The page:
I was five when the Twin Towers were blown to bits out of the New York City skyline.
I was in my favorite teacher's classroom, surrounded by the only other children I really knew, and my best friend.
We were watching Between the Lions, which may mean nothing to you if you grew up watching Disney or Nickelodeon children's programming. My elementary school watched PBS almost religiously, right after naptime. Between the Lions was a fan favorite of my particular kindergarten class. Fluffy lions came to life right before our very eyes via masterful puppeteers and read books to us; only fitting considering the Sesame Street wanna-be was set at a public library. It was peaceful and yet captivating to watch puppets – though we assumed them to be real-life lions - tell classic tales like that of Icarus and Cliff Hanger, an adventurer who was dangling off the side of a cliff every time we tuned in. Cliff Hanger was the most tension – the most fear – we every really felt at the ripe old age of five.
We'd been left with the other kindergarten teacher from across the hall. We hadn't thought much of it. We were still too busy watching elderly lions give spelling and language lessons to think anything had gone wrong.
I remember I had looked away from the television show for only a second – even though I don't quite remember why – and it was in that fraction of a second that the mood in the room drastically shifted.
My kindergarten teacher had come running in, panic and confusion written all over her face, and darted over to the TV. She made a concerted effort, it seemed, not to scream.
"Something's happened," she said. "It's all over the news."
Without thinking, she changed the channel. With that one press of a button, our childhood ignorance and innocence was about to fade.
To be fair, that thought had never occurred to us either.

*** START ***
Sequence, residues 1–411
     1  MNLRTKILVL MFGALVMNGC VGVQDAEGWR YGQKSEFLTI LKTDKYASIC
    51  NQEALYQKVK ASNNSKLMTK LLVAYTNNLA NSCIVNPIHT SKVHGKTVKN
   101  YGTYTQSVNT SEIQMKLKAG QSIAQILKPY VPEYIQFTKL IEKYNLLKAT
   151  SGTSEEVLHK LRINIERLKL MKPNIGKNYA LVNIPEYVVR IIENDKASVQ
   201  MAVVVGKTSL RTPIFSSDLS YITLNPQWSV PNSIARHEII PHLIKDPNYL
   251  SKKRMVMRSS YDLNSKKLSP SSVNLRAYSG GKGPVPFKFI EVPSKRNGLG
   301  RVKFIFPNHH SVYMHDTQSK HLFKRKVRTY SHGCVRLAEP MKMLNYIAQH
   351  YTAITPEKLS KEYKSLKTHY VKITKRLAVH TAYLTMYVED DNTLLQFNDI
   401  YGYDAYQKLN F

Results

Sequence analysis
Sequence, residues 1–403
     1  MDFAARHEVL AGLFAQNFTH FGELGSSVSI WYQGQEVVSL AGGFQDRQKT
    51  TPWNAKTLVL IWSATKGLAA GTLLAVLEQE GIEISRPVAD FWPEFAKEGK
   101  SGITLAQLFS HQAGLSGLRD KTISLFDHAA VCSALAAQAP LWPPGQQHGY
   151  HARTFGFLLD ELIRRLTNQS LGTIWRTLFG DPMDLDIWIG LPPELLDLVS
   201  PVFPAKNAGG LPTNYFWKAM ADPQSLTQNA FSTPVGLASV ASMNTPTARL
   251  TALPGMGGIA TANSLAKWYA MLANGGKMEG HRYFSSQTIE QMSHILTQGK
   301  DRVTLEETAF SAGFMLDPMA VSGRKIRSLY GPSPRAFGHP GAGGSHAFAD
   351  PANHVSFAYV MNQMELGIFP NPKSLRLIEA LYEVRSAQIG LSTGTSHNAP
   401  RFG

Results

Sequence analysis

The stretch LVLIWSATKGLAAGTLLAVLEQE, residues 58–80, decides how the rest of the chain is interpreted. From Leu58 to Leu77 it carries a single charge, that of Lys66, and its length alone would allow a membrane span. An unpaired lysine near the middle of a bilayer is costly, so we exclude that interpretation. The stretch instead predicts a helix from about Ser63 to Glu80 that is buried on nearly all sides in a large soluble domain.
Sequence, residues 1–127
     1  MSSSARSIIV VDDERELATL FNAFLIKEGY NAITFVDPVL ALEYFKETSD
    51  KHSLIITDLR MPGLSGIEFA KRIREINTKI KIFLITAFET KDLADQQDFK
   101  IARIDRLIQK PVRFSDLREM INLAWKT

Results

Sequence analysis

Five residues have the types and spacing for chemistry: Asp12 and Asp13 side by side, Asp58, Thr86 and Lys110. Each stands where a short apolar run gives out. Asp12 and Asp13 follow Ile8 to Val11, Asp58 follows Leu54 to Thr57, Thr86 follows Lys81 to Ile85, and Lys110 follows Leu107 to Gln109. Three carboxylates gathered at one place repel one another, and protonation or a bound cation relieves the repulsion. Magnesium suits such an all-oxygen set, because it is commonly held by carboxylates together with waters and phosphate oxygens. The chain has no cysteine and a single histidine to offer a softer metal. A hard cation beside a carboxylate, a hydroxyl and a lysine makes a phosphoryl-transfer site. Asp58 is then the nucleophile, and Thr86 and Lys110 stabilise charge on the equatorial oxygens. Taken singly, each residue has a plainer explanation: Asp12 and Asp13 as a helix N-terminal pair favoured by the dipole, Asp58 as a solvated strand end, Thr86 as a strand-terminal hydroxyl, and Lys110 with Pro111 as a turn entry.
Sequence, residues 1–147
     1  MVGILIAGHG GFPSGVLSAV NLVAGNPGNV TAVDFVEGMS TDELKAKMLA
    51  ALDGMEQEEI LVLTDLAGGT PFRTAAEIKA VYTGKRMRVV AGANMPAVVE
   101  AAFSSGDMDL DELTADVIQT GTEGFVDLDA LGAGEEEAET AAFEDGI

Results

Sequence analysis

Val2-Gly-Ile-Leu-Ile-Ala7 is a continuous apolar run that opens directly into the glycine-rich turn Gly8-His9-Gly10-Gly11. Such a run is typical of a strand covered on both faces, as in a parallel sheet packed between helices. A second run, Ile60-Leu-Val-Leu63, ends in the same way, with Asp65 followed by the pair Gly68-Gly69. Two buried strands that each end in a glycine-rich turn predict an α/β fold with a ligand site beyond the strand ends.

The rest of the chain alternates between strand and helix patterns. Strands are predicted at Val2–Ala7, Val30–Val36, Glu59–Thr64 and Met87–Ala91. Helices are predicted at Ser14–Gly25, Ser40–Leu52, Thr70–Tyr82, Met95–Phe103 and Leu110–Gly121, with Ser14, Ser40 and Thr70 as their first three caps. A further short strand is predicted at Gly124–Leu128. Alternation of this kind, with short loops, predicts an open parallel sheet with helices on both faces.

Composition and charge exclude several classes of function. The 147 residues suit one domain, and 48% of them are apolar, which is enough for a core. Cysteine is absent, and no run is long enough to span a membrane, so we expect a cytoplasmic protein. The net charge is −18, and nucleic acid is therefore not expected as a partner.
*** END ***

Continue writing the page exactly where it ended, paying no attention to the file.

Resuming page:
I remember the little boys in my class had thought it was an action movie. They'd already been desensitized to violence at an early age, most likely from their older siblings or worry-free parents who let them watch violent movies, thinking: 'It's no big deal. Nothing like this will ever happen in real life. Not to them. Not to us.'
One little boy whose name I've forgotten with the passing of the years had shouted out: "That's so cool!"
It wasn't his fault, really. He didn't know what he was looking at. He hadn't been alive long enough to take a lesson in sensitivity, let alone a lesson in terrorism.
My best friend, who stayed clinging by my side, could not take her eyes off our teachers. She didn't know what was happening on the TV, but she knew for certain she didn't like it. As she watched our teachers' fear consume them and tears trickle down their cheeks, she hollered at our classmate to shut up. I'm not ashamed to say I joined her.
We knew - even at that young age – we knew something was wrong. That whatever was happening before our eyes was real, and for some reason, it was upsetting the teachers we admired so much.
None of us knew what Al-Qaeda was, or even that there was a world outside of the small Virginian town where we lived. We did not know that there were people out there who wished us dead or that they had targeted one of the biggest cities in the country with the most significant population.
One of the teachers let out a small wail as the second plane hit the building, fire and smoke gushing out the sides of the skyscraper. After that, I remember the television set going black. We were told to try to get back to work – probably coloring or addition and subtraction – and I thought it was over.
I remember coming home from school that September day only to find out it wasn't over. It wasn't even close to being over. But how was I to know? How were any of us supposed to know? That living, breathing human beings had not only died, but other living, breathing human beings had been the cause of it?
Every September 11th afterwards, I can remember people asking one another where they were when they got the news of what had happened. I remember responding that I had been about five years old when it happened, and being told I was "too young" to remember it, at least not in full, clear detail.
But I remember where I was. I remember who I was with, how I eventually learned what had taken place and why; I remember how I felt, how everyone around me reacted and felt. I remember realizing, for the first time, that the world was not as happy and loving as it seemed on my PBS programs.
While I may not have understood it then, it does not mean it was not imprinted on my brain and my peers' brains as well.
I remember 9/11, and I always will.